14. That a 5ml shot of morphine can induce a significantly improved disposition very quickly and that the natural rush of adrenaline post-accident runs out after about 10 minutes.
  15. That the TV remote control is your best friend when you are incapacitated…and that misplacing it can be the most annoying thing on the earth.
  16. That it is literally possible to not be able to get out of bed in the morning…when your skeletal system fails to operate properly.
  17. That you are not as an essential part of the company team as you imagined and that your colleagues are more than able to carry on if you let them and if they believe in themselves.
  18. That all the stresses and ‘disasters’ of working hours pale into insignificance when your health, well-being and family fortunes come under threat.

Not sure what qualification/curricula these ‘learnings’ slot into but I’d wager it is delivered in the University Of Life.


Wow typing a blog whilst listening, digesting and IM’ing in a webinar is hard….SABA webinar blog notes:

Future of Learning: What You Need to Know About Web 2.0

SABA spiel: In the last couple of years, people have moved on from talking about whether or not organisations could benefit from informal learning initiatives, to a discussion on how to best implement formal and informal learning models. How people learn is now as important as what people learn. Organisations that appreciate these new learning styles and provide their employees with Web 2.0 tools, such as wikis, blogs, video capturing and editing applications, virtual worlds etc have a greater advantage to creating a successful learning process. Individuals want to create their own content, provide information and share it with their colleagues.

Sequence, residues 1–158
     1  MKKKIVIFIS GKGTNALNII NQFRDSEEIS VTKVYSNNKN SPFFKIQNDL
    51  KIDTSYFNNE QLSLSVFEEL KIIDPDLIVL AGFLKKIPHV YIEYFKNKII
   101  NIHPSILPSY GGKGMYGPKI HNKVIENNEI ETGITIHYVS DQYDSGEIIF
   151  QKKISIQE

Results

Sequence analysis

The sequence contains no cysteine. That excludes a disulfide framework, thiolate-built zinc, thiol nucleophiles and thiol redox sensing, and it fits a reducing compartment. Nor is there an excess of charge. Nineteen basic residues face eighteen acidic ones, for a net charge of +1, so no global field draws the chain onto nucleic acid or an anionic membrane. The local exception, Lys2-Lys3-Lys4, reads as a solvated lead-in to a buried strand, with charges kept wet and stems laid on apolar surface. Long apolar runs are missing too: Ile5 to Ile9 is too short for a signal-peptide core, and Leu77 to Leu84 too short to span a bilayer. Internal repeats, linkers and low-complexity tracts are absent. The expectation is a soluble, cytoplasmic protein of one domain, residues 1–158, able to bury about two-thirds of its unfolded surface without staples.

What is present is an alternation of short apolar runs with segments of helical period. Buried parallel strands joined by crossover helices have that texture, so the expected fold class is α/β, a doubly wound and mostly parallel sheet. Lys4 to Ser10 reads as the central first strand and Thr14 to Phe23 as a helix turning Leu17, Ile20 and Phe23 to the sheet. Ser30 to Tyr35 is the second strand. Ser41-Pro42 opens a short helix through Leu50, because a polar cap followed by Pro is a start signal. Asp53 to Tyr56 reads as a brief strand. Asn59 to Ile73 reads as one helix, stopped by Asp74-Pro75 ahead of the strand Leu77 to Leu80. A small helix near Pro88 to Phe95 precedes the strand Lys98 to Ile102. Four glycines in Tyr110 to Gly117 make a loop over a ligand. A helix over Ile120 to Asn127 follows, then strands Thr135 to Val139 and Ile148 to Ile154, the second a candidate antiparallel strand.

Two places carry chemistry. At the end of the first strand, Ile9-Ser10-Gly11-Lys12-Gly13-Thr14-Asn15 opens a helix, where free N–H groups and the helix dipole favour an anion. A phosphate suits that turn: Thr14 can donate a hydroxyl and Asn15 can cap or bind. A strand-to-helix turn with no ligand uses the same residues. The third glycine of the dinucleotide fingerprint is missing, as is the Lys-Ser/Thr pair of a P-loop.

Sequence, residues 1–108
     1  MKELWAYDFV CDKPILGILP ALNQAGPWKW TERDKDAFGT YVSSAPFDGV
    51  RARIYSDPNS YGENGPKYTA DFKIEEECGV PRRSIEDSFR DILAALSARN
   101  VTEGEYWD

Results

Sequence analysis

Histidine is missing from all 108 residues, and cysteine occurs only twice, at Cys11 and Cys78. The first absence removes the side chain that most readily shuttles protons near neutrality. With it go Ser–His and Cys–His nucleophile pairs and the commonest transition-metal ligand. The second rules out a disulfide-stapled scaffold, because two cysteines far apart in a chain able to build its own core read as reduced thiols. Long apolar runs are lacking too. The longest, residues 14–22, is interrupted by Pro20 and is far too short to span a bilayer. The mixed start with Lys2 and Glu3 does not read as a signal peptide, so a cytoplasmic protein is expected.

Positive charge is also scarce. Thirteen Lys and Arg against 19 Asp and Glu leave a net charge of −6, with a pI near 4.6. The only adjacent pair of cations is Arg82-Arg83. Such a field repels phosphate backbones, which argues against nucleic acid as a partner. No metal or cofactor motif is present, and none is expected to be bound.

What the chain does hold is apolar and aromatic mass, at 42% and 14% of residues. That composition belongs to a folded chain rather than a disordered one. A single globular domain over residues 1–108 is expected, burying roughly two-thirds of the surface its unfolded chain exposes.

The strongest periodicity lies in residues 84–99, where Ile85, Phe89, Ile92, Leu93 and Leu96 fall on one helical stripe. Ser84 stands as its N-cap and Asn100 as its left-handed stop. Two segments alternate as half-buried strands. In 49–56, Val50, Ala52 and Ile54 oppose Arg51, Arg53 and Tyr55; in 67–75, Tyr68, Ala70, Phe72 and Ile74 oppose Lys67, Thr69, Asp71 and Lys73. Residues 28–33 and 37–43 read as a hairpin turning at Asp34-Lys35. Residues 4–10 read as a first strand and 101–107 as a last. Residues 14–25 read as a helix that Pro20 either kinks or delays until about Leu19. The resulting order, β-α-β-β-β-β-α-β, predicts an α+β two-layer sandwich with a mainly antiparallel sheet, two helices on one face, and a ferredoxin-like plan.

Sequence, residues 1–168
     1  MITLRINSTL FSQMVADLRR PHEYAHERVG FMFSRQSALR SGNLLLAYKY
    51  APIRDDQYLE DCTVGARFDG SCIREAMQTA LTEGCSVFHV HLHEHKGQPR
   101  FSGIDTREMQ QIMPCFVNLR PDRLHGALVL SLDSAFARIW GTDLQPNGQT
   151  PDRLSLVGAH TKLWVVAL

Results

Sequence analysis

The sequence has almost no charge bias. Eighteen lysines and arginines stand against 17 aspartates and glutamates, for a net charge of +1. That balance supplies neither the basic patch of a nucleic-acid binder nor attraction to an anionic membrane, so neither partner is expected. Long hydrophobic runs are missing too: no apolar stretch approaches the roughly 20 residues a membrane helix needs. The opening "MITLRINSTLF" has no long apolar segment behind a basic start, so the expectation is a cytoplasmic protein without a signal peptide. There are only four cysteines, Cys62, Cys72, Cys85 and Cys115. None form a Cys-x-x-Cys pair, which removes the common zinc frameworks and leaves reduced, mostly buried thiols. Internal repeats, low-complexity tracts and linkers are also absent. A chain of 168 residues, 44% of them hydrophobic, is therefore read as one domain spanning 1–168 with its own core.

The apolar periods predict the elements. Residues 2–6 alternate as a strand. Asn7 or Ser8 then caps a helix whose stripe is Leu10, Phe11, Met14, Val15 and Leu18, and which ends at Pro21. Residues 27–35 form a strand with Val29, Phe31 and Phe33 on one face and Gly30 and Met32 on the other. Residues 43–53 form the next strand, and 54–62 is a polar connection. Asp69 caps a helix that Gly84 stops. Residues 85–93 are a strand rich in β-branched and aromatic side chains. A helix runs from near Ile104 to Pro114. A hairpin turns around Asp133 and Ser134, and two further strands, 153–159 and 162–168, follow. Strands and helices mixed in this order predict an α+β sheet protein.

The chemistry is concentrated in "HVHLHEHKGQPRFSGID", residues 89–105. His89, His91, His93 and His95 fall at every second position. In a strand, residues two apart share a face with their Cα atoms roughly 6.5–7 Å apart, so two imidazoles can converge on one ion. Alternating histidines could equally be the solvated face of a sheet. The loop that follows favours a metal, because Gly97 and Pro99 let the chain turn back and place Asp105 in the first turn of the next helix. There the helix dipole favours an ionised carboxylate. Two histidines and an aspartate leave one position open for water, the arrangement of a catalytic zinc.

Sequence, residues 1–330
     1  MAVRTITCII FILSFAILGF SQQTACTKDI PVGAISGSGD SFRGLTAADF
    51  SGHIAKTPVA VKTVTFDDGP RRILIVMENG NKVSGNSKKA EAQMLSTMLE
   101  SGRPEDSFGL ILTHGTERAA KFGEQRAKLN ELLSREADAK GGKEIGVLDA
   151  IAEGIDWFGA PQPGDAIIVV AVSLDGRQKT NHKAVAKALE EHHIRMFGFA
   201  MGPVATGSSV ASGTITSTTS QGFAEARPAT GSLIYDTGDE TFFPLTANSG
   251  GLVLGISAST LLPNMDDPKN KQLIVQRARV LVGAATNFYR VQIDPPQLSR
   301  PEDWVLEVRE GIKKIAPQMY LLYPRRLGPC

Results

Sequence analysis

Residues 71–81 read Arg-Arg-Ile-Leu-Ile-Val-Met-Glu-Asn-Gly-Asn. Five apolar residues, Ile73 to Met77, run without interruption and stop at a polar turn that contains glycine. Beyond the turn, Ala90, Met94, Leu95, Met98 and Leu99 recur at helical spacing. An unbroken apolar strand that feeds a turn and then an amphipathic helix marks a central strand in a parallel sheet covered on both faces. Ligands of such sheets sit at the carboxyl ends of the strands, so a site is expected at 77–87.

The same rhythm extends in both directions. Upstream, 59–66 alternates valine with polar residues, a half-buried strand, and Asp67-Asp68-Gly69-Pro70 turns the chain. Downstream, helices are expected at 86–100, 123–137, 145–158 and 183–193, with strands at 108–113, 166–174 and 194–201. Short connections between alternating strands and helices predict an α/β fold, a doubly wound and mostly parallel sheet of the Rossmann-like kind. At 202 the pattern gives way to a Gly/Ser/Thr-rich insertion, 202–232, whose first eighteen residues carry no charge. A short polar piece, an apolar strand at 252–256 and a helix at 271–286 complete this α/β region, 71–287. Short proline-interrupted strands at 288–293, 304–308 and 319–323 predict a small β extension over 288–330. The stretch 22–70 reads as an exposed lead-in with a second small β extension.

A.G. Lambert from Saba, presents this webinar to advise you in the best-practice integration and use of Web 2.0 technologies into tomorrow’s Learning 2.0 solutions.

This webinar demonstrates:
– How to leverage a unified strategy for Learning 2.0
– An understanding of blending formal and informal learning with Web 2.0 technologies
– How to offer support for peer-to-peer learning and communities of practice
– How to capture the knowledge of internal experts or groups

‘AG’ started by asking the question: “How does eLearning and web 2.0 mashup? What is learning 2.0, how is it relvant and where do you start?” – which pretty much sums up the rest of the webinar.

[Note, SABA content (as ‘rescribed’ by me) in itallics]

CLO survey (“several hundred senior HR/CLO folks) – key challenge is “Building a leadership pipeline” – how do you predict future skills, find & predict leaders and foster collaboration in an adaptive workforce?

People learn significantly from their peers as opposed to actual or virtual instrutor. Individual direct their own learning. This learning is often unstructured. You find an expert who helps.